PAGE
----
Sexual Ethics


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The constellation of moral and ethical considerations and obligations that a person or group has in the context of consensual penetrative sexual activity
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In an article in the Catholic journal Commonweal titled "Thou Shalt--Sex beyond the Lists of Don'ts" Fullam proposes a new sexual ethic for Christians based on "a feel for incarnation, an ability for intimacy, and an eye for insight" That means treating sexual passion as a celebration of the bodies we were incarnated in; using sexual connection as a path for real intimacy and connection (not masking our isolation with promiscuity); and reflecting on how our sexual relationships have played out in the past.
Rudy suggests that the goal of sexual ethics and all church transformation should be liberation from oppression.
Meek, McMinn, Burnett, Mazzarella, and Voytenko (2004) investigated training in sexual ethics among ministerial alumni of five evangelical seminaries.
Across ecclesial traditions, the divide over sexual ethics has not been located between specific churches but within specific churches.
Keywords: sexual rights, sexual responsibilities, sexual ethics, sexual health, sexual pleasure
Religious institutions have long grappled with such issues as sexual ethics, intimacy, childbearing and marriage.
Brooten, the conference's organizer and director of the Feminist Sexual Ethics Project, said Black women are less likely to report rapes and authorities are less likely to prosecute and win a conviction.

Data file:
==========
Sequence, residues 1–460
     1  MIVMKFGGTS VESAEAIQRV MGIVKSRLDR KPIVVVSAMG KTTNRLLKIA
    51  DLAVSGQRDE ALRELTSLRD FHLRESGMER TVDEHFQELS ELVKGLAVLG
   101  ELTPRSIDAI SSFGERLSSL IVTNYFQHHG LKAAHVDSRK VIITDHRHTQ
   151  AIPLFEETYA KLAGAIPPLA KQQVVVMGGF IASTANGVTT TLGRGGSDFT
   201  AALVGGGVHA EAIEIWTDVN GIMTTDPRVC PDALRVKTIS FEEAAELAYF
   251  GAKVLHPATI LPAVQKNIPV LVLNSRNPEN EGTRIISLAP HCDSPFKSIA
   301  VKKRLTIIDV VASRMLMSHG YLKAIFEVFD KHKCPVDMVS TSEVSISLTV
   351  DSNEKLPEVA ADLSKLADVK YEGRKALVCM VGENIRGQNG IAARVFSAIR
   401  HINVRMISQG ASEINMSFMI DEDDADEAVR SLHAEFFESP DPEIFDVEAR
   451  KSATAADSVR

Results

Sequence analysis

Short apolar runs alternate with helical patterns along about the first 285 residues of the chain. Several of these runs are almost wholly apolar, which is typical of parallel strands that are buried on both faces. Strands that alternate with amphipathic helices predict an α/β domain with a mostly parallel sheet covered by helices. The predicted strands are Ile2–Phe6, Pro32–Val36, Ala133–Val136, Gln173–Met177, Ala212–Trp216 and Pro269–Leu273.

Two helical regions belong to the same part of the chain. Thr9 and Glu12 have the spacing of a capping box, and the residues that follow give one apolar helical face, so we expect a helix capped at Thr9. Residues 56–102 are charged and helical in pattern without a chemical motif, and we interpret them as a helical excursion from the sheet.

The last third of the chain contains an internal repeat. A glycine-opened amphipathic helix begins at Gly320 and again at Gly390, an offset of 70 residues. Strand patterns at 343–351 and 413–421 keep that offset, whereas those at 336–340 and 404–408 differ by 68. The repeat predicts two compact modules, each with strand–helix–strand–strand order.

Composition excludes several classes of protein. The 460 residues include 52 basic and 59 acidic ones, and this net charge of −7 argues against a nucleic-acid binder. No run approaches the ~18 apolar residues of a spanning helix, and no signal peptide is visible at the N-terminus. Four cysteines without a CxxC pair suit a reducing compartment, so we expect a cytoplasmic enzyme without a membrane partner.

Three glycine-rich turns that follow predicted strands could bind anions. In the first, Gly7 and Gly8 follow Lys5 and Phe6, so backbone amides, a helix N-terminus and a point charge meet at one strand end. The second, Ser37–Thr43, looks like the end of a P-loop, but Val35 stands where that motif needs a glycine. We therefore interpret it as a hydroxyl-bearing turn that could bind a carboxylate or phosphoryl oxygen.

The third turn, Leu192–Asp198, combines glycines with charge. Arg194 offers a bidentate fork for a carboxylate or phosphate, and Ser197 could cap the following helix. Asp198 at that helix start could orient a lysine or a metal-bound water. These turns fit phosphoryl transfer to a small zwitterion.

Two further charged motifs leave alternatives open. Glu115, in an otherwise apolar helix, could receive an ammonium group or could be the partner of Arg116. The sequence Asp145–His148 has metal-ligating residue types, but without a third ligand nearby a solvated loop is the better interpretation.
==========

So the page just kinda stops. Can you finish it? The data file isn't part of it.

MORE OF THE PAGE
In addition to accounts of sexual encounters, the author includes history, reasons, sexual ethics, etiquette, and thoughts for the future.
The theologians, led by Italian Giulio Girardi, listed seven reasons why John Paul II should not be canonized, including, among others, his refusal to allow a more open discussion of both sexual ethics and the role of women in the church, his "repression" of liberation theology, and his unwillingness to permit a more democratic structure in the church.
James Arne Nestingen carefully examines the central themes of the original Lutheran documents (justification and Christian discipleship) and considers their application to sexual ethics and their implications.
As modern sexual ethics and morality began defining themselves in the '60s, the church moved in the other direction--and in moving the other direction it was really tearing at the psyche of its priests.
Now that the Court has recognized that a religiously diverse and secular society cannot base its law on one strand of religious morality, perhaps Americans of all religions and of no religion can devote desperately needed energy to the problems of sexual ethics that really matter: preventing sexual abuse, sexual harassment, and domestic violence.